More than a dozen street vendors and business owners facing eviction from an old Hong Kong neighbourhood to make way for the city’s largest-ever redevelopment project have labelled the relocation and compensation packages on offer as unsatisfactory.
Most businesses originally operating as unauthorised shops in Yue Man Square at the centre of the Kwun Tong renewal project have accepted compensation deals from authorities.
But 13 hawkers who have operated in the area over four decades on an authorised basis have complained they are being turfed out of their own community.
A further three tradesmen are still awaiting relocation, while three unauthorised shop vendors refuse to leave.
Authorities last month evicted another shop owner in a sudden operation. The man had attempted to take his own life by jumping off a building, but was talked down by rescuers, according to media reports.
Urging a sympathetic approach from officials, Julian Fung Ping-tak, coordinator of the Living in Kwun Tong concern group, said: “The Urban Renewal Authority has a responsibility to uphold its principles of people-oriented development, improve the lives of residents in old districts and to preserve its culture and traditional economy, and to relocate people within their original areas.”
Planned in 1996, the Kwun Tong Town Centre Redevelopment Project is the authority’s biggest housing and commercial overhaul of its type, covering an area of 53,500 square metres (10,800 sq ft) and involving 1,653 property titles and 4,800 people.
All residents in the area have been relocated.
Lau Po-ling, 70, who has operated a cart selling handbags and hats, is among the 13 hawkers who have been selling clothing and other goods in the area for nearly 40 years.
They complain they have been given nowhere to go, even though they say they are being forced to leave their current operating area at the old Yue Man Square bus terminal, which is expected to be demolished in June.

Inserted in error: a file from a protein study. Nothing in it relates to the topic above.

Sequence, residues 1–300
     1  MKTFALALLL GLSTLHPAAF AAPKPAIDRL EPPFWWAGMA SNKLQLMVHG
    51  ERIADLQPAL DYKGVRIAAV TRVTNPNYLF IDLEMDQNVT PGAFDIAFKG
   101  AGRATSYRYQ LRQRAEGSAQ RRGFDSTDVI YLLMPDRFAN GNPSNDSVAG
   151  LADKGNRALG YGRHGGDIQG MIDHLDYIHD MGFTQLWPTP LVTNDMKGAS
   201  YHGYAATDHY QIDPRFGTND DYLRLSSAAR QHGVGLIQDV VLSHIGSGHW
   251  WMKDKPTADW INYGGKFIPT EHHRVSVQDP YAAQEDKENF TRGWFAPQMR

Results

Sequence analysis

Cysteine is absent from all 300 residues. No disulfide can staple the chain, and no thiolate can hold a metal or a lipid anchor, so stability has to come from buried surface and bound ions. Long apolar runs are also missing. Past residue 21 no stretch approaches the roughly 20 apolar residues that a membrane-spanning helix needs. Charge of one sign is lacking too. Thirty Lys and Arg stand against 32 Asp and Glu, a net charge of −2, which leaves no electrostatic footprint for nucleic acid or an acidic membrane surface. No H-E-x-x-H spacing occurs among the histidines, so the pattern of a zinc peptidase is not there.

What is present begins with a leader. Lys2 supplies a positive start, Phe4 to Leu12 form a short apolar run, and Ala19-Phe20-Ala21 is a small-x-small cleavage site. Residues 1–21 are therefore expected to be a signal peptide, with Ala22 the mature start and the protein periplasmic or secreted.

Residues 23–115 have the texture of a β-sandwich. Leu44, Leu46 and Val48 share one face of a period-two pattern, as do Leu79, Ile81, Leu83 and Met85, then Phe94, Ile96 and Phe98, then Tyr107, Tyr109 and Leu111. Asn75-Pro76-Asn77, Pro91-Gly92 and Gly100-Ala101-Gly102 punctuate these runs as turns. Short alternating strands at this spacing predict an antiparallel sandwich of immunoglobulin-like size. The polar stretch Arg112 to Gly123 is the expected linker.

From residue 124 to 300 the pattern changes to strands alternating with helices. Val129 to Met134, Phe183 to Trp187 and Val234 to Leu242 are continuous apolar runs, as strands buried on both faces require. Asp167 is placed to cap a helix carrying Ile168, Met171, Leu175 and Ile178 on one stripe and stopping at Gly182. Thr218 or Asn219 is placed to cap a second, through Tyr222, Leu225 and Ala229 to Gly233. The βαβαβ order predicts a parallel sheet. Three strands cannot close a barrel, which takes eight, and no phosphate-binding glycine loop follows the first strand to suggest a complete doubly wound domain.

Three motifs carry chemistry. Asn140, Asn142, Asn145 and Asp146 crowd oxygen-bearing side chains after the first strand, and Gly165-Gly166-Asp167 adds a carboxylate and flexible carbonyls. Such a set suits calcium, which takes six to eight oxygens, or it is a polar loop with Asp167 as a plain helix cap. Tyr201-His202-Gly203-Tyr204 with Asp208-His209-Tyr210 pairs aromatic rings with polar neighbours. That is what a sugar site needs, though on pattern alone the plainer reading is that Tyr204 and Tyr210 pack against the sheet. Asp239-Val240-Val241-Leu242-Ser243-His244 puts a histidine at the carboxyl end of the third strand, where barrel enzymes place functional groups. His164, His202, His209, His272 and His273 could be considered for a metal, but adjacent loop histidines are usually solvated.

“It’s good they are redeveloping Kwun Tong, but we hope the government can give us a satisfactory place to continue selling at least,” Lau said.
Since the new YM2 shopping centre opened behind them, she said, Food and Environmental Health Department officers had appeared every day to ask them when they were leaving, despite previously being uninterested.
In a written response, the authority and department said the hawkers held mobile licences and were authorised to operate anywhere on Hong Kong Island or Kowloon as long as they did not block passageways.
“As such, they are not affected by the redevelopment and do not need to be given any special redevelopment arrangements,” the authority said.
Lau said her age prevented her from pushing her cart to other places, adding many of her customers in Kwun Tong were also elderly.
She also rejected a suggestion to move into a bazaar that the authority created in the basement of the new mall to accommodate other hawkers.
“There’s no business there, it’s a dead zone,” Lau said.
Watch repairman Shir Wing-shing, who still operates a small stand on the pavement, is willing to move, but complained the department had yet to issue his tradesman licence, making it difficult for him to move into the new bazaar.
“I feel so helpless and don’t know how to face this situation. I just want the licence to be issued quickly,” he said.
The authority said the department was already coordinating with the remaining tradesmen on alternative arrangements.
Meanwhile, Fung said the owner of one of three remaining stalls in Yue Man Square had received a second court order to leave last week and authorities were expected to clear out the sundry shop by Tuesday morning.
The owner, named Lam, was said to be planning to chain himself to his stall in protest overnight.
He is set to miss out on the HK$90,000 (US$11,587) allowance offered by the authority. Lam was operating from an unlicensed structure, the authority said, so he was not entitled to receive the market value as he hoped.
In April, the authority announced it had set aside half of the units in the “Yue Man Lane” section of the new mall for any shop owners willing to relocate.
An authority spokesman said 15 of about 110 vendors had accepted an allowance package to move into the mall, with shops expected to start operating this month.
The authority has also offered them a 50 per cent discount on rent and management fees for the first three-year tenancy term.
Category: Hong Kong